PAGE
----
Another way to raise funds when closing your business is to make sure that you collect on any outstanding payments. It can be time-consuming to chase up invoices that haven't been paid, but it's also worth it if you need to pay for various fees relating to the closing of your business. Once you've closed down, getting that money will be tough. Putting together a strategy for chasing payments and getting people to pay, whether through offering incentives or getting in touch with account managers, can help you to get things moving. Make sure you do this before publicly announcing that the business is going to close.

Lay Off Staff

The most difficult part of closing your business might be letting your staff go. You don't want to have to tell them that they will no longer have a job. Unfortunately, it's reality if you need to close your business. Your employees should know as soon as possible so that they don't feel that they have been kept in the dark. You should allow them the courtesy of having plenty of time to look for a new job. Assure them that you will provide references and make the transition easier for them. Be sure to follow any relevant labor laws in relation to how much notice you give them and other issues.

Let Your Customers Know

You don't want to rush telling your customers about the end of your business, but you do need to tell them at some point. You will especially need to let them know if you will be closing customer accounts or stopping an ongoing service. They will want time to find an alternative business that they can use, so don't leave it too late to tell them. Be as honest as you can about why you are closing the business, but be reassuring when you tell them too. Even if there has been chaos behind the scenes, you don't have to let your customers know.

File the Right Documents

LLCs and corporations need to file for dissolution. This needs to be done in the state where you created your business to make sure that you will no longer be required to pay taxes. Before you can file for dissolution, you might need to settle debts with creditors. However, depending on the state, you might be required to do this the other way around. The process varies from state to state, so be sure to check what you need to do before you make any moves.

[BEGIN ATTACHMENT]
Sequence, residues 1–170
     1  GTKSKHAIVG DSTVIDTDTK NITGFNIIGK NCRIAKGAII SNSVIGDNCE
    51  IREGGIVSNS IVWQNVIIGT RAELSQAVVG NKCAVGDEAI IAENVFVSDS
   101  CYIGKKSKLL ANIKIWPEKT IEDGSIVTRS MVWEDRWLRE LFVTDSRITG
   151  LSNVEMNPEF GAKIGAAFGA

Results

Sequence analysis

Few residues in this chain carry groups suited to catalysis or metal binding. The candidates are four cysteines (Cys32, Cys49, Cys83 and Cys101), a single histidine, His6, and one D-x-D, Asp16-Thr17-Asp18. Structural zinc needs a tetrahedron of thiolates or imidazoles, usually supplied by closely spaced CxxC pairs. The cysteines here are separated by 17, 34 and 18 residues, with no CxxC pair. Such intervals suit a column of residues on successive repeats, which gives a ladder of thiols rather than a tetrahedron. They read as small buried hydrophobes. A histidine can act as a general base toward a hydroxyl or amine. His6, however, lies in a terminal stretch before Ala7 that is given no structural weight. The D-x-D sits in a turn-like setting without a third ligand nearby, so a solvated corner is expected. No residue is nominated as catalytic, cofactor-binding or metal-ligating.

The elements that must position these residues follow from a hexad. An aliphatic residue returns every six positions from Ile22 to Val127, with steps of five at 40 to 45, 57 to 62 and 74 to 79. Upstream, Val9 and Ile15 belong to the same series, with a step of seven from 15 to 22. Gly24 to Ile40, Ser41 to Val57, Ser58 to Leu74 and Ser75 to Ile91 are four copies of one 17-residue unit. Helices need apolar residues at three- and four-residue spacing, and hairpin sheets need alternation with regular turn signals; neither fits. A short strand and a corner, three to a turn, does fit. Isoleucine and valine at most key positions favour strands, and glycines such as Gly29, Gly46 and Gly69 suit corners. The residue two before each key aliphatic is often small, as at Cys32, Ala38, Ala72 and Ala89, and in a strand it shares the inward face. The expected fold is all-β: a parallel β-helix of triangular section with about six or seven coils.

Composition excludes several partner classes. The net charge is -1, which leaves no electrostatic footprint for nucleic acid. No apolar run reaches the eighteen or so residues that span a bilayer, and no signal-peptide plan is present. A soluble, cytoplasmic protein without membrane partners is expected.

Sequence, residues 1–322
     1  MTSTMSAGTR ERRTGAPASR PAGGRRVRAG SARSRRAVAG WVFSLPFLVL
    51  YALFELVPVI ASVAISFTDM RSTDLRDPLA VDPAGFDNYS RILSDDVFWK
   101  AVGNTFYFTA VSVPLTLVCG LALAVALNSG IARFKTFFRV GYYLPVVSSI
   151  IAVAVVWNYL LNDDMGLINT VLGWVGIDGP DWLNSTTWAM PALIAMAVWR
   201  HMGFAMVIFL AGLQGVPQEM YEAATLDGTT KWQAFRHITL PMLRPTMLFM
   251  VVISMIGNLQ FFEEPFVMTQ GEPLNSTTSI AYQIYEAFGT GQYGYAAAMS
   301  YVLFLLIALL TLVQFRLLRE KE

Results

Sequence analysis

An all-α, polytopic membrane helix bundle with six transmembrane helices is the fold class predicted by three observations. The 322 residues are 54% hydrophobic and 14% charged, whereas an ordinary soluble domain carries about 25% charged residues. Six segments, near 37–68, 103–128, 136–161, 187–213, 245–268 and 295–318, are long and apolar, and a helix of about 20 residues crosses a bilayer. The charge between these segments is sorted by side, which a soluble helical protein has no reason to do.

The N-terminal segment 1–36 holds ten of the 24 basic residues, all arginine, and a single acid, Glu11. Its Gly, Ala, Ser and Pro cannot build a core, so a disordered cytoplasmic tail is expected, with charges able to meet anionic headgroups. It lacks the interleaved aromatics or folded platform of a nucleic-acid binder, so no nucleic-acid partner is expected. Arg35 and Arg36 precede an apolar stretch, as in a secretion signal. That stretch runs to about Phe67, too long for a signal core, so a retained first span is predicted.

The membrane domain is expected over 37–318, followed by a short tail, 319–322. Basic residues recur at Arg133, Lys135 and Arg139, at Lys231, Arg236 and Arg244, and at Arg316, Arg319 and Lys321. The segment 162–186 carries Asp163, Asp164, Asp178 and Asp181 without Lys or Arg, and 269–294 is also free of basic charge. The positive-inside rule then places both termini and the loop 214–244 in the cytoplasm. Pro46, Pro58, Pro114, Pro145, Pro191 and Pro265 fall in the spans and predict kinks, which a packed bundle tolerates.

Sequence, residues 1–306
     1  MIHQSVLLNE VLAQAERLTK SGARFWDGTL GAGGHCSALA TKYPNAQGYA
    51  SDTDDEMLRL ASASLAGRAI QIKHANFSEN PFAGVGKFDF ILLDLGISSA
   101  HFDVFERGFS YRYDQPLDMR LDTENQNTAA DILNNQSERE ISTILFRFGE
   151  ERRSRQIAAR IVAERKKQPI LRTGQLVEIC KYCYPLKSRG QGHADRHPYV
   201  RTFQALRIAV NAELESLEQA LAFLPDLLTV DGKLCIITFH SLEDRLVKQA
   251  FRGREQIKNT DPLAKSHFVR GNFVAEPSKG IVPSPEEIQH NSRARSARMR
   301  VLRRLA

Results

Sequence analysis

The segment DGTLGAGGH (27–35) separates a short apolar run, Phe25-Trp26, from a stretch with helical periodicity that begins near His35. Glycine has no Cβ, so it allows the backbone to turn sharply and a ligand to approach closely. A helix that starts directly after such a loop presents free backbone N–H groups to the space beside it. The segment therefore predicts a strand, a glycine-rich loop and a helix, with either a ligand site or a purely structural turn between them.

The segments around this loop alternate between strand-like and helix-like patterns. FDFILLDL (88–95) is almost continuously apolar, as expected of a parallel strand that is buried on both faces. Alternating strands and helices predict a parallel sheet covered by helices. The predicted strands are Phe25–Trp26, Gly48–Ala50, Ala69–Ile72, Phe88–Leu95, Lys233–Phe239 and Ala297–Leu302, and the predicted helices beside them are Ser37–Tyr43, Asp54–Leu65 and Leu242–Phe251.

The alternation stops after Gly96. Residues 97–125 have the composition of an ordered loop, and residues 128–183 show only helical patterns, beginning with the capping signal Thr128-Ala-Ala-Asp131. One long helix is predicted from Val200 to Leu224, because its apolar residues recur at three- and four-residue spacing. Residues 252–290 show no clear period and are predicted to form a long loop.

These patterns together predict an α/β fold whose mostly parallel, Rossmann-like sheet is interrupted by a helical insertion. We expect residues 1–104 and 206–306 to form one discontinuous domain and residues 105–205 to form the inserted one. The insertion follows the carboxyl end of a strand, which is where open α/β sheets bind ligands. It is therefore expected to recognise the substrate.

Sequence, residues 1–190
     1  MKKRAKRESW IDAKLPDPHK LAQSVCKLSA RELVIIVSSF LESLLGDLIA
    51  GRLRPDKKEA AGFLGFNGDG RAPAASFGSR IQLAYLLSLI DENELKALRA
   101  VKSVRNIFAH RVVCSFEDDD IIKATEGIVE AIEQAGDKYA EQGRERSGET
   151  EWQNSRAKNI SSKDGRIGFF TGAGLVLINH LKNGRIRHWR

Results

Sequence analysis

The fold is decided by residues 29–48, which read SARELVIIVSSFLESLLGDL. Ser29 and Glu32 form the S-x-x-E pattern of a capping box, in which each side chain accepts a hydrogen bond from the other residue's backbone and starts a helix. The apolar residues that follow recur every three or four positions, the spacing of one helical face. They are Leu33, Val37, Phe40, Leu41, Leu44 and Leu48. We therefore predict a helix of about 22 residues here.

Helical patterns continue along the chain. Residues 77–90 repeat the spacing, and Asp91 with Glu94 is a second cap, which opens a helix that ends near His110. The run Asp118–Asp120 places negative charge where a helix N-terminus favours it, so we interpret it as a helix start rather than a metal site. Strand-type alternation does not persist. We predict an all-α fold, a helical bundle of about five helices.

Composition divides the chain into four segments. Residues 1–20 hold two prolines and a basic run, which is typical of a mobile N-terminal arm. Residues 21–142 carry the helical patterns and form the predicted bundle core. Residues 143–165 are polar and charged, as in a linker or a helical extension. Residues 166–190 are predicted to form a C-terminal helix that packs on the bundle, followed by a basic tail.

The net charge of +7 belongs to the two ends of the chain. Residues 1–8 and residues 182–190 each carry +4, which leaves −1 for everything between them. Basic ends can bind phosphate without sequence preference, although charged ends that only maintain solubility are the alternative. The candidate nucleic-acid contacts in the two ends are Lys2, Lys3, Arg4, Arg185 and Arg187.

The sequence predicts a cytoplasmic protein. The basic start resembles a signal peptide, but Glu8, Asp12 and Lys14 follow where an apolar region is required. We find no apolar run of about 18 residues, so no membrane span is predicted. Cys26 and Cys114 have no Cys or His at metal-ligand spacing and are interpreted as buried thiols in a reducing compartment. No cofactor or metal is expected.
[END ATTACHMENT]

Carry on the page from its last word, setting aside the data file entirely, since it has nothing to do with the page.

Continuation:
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Remember Tax Requirements

You'll need to take care of all of your responsibilities in regards to tax. You have to make sure that you submit all of the information that you're required to and cancel your Employer Identification Number (EIN). Some of the steps that you might need to take include submitting your final tax returns for both state and federal taxes, as well as reporting any business assets that you have sold.

Cancel Licenses, Permits, Registrations, Etc.

If you have any official licenses or permits, or you're registered with any regulatory boards, you will need to cancel these when closing your business. Letting these organizations know is important because it will stop others from using your name. How you go about canceling these things will depend on who you need to notify. Every agency can have a different process for doing this, so check their website or get in touch with them to find out what you need to do. Make sure you know how much notice you need to give.

Take a Look at Bankruptcy

If you haven't already considered it, take a look at your options for bankruptcy and decide if it might be the right choice for your business. Bankruptcy might be necessary if you have business debts that you can't deal with, but it's also a last resort. It could be more expensive to choose bankruptcy than to try and pay off your debts. There are options that you have to try and pay these costs so that you don't have to choose bankruptcy unless there are no other possibilities.

Keep Records from Your Business

Your business might be closed, but you could still need to provide information about it in the next few years. Don't get rid of records pertaining to your business and its closure just yet. Information such as employment and income records should be kept for at least a few years. There are also some documents and records that you will need to keep indefinitely. Most tax-related records need to be kept for three years, although some states might require records to be kept for longer. Check how long you need to keep everything before dissolving your business.